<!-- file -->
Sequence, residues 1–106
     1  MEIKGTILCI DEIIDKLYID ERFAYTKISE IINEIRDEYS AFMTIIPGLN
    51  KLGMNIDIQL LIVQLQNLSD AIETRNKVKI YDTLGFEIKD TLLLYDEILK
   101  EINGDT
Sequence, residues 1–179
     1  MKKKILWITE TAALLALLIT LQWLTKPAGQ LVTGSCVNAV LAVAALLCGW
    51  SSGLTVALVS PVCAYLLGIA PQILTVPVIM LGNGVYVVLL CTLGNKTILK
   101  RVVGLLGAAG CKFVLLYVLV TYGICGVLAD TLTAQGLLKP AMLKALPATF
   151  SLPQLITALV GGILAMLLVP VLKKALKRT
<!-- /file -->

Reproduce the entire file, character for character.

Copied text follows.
Sequence, residues 1–106
     1  MEIKGTILCI DEIIDKLYID ERFAYTKISE IINEIRDEYS AFMTIIPGLN
    51  KLGMNIDIQL LIVQLQNLSD AIETRNKVKI YDTLGFEIKD TLLLYDEILK
   101  EINGDT
Sequence, residues 1–179
     1  MKKKILWITE TAALLALLIT LQWLTKPAGQ LVTGSCVNAV LAVAALLCGW
    51  SSGLTVALVS PVCAYLLGIA PQILTVPVIM LGNGVYVVLL CTLGNKTILK
   101  RVVGLLGAAG CKFVLLYVLV TYGICGVLAD TLTAQGLLKP AMLKALPATF
   151  SLPQLITALV GGILAMLLVP VLKKALKRT